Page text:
What disturbs me more about the recent outrage, though, is the parochial attitude towards social justice it suggests.  As one blogger, Anna North, wrote about Natalie Portman, “I cannot hear meat-eating and rape in the same breath without feeling that the enormity of the rapist’s crime is being minimized.”  North admitted that Portman was probably not trying to trivialize rape—but she nonetheless felt that Portman was upsetting a hierarchy of wrongs that insists that time spent worrying about animals is time spent not addressing more important, human issues.  What bothers me, though, is the suggestion that our commitment to justice for one group detracts from justice for others; that compassion is something finite which must be hoarded for our own particular, pet causes.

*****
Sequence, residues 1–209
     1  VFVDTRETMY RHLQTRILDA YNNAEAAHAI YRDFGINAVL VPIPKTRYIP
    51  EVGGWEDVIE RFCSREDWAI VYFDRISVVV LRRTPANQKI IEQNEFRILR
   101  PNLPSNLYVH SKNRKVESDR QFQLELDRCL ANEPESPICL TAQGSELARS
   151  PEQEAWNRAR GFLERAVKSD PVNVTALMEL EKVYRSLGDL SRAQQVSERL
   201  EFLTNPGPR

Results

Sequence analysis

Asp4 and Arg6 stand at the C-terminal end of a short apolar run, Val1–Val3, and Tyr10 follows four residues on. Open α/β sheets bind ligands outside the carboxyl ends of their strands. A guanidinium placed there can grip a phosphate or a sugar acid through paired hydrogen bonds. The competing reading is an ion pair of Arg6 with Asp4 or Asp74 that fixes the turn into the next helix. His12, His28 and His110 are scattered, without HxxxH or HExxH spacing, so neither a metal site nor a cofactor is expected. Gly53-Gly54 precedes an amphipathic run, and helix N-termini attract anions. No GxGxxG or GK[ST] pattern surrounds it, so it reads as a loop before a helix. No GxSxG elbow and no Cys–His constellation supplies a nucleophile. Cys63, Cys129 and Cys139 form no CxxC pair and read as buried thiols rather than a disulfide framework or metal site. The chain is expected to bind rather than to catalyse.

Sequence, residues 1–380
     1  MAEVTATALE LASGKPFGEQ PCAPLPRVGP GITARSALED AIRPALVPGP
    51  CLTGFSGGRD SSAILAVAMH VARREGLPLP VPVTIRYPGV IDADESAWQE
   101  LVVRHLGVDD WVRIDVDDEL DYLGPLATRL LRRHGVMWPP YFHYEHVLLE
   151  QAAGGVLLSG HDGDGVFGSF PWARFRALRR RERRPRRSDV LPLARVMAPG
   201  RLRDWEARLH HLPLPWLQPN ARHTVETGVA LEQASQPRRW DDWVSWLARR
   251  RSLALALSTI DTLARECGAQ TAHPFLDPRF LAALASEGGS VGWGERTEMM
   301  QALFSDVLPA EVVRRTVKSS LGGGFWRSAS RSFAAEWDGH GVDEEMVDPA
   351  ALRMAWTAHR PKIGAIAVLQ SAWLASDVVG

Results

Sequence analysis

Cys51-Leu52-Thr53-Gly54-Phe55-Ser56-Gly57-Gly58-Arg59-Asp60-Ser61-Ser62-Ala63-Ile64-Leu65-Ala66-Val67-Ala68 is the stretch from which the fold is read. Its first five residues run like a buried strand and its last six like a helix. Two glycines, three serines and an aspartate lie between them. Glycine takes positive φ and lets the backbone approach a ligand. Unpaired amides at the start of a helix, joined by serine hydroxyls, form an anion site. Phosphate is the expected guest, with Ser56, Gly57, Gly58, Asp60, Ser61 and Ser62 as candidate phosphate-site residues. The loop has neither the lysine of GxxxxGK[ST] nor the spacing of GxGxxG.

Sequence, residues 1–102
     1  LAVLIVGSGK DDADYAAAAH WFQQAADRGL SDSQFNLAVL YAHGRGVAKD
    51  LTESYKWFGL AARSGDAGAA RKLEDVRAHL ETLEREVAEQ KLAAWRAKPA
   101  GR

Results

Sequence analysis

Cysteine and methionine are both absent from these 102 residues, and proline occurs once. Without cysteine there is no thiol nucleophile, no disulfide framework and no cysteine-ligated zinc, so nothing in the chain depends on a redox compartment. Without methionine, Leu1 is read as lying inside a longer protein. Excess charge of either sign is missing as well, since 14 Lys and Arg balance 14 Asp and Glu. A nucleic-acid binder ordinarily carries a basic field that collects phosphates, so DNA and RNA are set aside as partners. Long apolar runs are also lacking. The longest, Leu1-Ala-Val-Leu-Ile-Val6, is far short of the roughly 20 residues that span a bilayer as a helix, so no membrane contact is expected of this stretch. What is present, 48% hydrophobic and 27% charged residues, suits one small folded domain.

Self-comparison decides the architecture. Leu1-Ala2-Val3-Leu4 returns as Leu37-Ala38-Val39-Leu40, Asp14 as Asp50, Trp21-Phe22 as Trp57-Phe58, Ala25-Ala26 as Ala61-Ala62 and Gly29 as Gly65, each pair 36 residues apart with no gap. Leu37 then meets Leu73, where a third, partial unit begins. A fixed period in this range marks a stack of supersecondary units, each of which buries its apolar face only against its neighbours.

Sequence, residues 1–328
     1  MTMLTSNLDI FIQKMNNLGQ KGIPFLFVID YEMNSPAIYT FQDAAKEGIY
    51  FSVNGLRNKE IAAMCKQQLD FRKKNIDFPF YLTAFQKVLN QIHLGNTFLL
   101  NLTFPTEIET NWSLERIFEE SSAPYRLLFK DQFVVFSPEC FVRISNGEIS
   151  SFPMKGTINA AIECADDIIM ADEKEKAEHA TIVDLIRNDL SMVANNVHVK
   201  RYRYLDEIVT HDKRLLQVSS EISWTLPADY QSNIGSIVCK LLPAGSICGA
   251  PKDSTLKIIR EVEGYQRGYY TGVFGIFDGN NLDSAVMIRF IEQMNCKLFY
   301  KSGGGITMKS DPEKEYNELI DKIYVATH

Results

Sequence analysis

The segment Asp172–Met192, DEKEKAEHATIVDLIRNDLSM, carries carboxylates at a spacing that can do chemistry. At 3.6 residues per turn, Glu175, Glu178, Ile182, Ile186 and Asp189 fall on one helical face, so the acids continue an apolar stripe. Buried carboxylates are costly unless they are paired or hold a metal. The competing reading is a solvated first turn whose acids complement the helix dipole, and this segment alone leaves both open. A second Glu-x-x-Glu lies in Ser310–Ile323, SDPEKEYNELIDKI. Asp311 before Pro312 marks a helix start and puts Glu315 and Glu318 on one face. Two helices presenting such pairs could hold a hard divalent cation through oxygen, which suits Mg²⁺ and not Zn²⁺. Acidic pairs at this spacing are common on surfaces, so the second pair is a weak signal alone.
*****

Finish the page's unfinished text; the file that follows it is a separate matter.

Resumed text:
I submit that our concern for the suffering of one subjugated group is precisely what makes us likely to reevaluate our prejudices towards another.  Is it coincidence that movements for civil rights, gender equality, gay liberation and—dare I say it—animal rights emerged around the same time?  Or is it perhaps that the same activists’ involvement in one cause led them to think critically about their preconceptions towards another?  With that in mind, how, exactly, does my being vegan make me a less effective advocate for social justice for humans?  If anything, abstaining from animal products reminds me—three times a day—to challenge the received wisdom of which kind of inequalities and injustices are natural and unchangeable.